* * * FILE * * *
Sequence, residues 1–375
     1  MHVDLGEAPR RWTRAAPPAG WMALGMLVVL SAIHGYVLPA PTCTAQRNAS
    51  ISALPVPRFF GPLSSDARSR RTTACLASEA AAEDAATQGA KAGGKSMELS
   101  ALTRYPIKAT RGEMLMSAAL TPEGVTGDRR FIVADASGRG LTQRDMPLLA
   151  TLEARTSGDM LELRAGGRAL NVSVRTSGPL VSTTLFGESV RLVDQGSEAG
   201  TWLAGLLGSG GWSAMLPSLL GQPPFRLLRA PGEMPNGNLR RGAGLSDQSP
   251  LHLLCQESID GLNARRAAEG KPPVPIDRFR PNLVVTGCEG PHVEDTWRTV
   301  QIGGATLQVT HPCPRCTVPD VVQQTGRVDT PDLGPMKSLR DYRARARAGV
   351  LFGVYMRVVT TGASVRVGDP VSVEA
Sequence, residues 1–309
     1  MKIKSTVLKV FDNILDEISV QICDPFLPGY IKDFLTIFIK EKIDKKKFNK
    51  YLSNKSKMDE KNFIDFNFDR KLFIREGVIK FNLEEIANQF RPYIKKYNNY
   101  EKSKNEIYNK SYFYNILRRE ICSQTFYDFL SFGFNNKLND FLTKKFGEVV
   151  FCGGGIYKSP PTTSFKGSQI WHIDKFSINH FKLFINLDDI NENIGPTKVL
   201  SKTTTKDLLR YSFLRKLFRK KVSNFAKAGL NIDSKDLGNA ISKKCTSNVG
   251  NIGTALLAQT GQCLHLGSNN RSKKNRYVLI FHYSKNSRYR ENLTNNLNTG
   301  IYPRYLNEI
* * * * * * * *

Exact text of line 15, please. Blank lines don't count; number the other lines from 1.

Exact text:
   201  SKTTTKDLLR YSFLRKLFRK KVSNFAKAGL NIDSKDLGNA ISKKCTSNVG